Odysseus mission deemed mostly a success

Courtesy of ILOA

An image of the lunar surface taken about four minutes before Odysseus’ touchdown on Saturday, Feb. 22, 2024.

Courtesy of ILOA

A picture of the sun from the surface of the moon taken on Sunday, Feb. 25, 2024. Visible along the edges are portions of the lunar landscape, while a presumed crack in the lens arcs through the image below the sun.

HILO, Hawai‘i — The first successful American moon mission in 50 years went dark Thursday after a rough landing a week earlier, but Hawai‘i Island astronomers say the space flight was largely successful.

“I think it was about a 65 percent, 70 percent successful mission,” said Steve Durst, director of the Waimea-based International Lunar Observatory, which developed a pair of instruments carried by the Odysseus lunar lander.

Those two instruments were a wide-field camera and a narrow-field camera — the latter of which was named Ka ‘Imi, meaning “to search,” by a Kealakehe Intermediate School student. The two cameras were intended to capture some of the first images of the Milky Way from the moon’s surface.

Unfortunately, those plans were stymied almost immediately when the lander toppled over Feb. 22 upon landing.

Elisa Perednia, member of ILOA’s executive committee, said the cameras were able to broadcast some image and telemetry data — nine high-resolution images and 105 thumbnail images — after the rough landing, but were unable to capture any images of the lunar sky before Thursday, when the moon’s rotation carried the lander into the long lunar night, causing it to lose power after seven days of operation.

Perednia said what specifically happened to Ka ‘Imi is still being determined, but added that it would be “a pretty good guess” that fallen angle of the lander prevented it from getting any usable angle.

While the wide-field camera was able to capture a single image of the sun, that image was low-resolution and marred by lunar dust on the camera lens, Durst said.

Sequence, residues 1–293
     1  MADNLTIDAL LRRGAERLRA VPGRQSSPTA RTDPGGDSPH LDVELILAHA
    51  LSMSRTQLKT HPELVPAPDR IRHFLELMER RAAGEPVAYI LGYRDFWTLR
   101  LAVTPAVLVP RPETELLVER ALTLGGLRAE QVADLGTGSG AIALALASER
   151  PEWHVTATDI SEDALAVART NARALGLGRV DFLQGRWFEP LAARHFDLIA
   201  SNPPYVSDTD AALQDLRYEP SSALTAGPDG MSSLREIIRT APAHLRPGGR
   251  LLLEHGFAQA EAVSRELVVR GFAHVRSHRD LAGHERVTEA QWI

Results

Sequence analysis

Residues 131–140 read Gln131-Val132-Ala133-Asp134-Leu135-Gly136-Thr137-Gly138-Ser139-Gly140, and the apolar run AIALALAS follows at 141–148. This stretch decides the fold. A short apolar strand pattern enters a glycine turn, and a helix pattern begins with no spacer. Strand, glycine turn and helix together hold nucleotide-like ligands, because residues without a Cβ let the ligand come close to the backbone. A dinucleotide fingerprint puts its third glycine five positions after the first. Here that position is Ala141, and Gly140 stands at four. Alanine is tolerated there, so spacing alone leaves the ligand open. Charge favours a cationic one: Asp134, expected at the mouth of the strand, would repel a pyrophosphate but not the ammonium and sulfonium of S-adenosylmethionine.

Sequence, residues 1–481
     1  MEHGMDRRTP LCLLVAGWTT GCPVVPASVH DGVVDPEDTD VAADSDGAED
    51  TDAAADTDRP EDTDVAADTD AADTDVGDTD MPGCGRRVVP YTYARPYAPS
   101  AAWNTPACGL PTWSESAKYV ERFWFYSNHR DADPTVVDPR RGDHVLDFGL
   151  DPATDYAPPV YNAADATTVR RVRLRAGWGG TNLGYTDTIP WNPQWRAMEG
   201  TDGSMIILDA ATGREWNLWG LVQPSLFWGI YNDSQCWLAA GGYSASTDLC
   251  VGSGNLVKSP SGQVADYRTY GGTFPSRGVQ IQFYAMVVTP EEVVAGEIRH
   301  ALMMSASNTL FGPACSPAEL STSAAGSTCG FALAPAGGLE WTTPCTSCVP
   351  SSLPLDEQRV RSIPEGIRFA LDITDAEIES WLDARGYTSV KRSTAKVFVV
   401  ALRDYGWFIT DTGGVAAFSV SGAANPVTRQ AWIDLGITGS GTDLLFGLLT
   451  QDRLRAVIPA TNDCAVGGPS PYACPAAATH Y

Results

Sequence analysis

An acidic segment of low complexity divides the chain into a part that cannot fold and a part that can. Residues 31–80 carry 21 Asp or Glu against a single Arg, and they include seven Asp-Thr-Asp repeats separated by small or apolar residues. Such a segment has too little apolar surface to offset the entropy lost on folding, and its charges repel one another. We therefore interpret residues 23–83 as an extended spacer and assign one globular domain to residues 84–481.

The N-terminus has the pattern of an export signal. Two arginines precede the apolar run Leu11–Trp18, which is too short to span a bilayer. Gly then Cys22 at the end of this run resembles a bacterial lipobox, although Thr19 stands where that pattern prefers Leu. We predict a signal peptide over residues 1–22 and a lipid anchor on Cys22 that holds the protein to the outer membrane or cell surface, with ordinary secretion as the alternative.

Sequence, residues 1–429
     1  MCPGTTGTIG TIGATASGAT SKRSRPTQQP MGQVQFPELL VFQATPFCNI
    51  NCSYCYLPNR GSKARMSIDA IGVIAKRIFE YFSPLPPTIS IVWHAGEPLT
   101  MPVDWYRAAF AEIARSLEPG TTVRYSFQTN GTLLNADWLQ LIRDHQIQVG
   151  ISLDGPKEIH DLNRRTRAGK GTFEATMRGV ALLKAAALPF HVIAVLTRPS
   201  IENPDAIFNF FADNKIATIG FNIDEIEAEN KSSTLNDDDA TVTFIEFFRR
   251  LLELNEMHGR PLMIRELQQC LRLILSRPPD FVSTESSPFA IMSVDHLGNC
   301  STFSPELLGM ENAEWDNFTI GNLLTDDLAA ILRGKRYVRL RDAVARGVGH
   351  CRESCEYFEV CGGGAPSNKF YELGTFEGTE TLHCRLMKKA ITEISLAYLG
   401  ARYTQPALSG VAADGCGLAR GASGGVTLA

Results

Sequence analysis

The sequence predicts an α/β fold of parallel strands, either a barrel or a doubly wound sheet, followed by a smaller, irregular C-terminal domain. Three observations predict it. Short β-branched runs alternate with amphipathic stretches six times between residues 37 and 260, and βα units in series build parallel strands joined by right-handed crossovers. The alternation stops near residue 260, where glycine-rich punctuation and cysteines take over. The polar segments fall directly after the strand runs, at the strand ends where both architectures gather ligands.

Although ILOA’s hopes for lunar-based astronomy were dashed this mission, Durst said the observatory successfully met other goals for Odysseus.

“I think we helped build visibility and credibility for ILO-1,” said Durst, referring to a future ILOA mission to land a more long-lived craft atop a lunar mountain to conduct long-term astronomical observations.

Durst said that mission could go forward in 2026, with a bit of luck. Durst added ILOA is still analyzing what data came back from Odysseus, and said that there is still a small chance of the lander regaining power in about two weeks when the lunar morning arrives.

Durst also said ILOA’s affiliate publishing arm, the Space Age Publishing Company, successfully broadcast its weekly calendar newsletter from the moon. Included among Odysseus’ payload was a copy of Space Age’s Feb. 26 newsletter, which the lander broadcast back to Earth. That broadcast included a blurb encouraging advertisers to buy “lunar broadcasting advertising” space on future ILOA missions.

Perednia said ILOA also will raise additional funds for ILO-1 by auctioning the naming rights for Odysseus’ wide-field camera, although Durst added that physically labeling the instrument will probably not happen for a long time.

“It’s not likely to be used again until some future astronaut goes up there and gets it working again,” Durst said.

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Email reporter Michael Brestovansky at mbrestovansky@hawaiitribune-herald.com.

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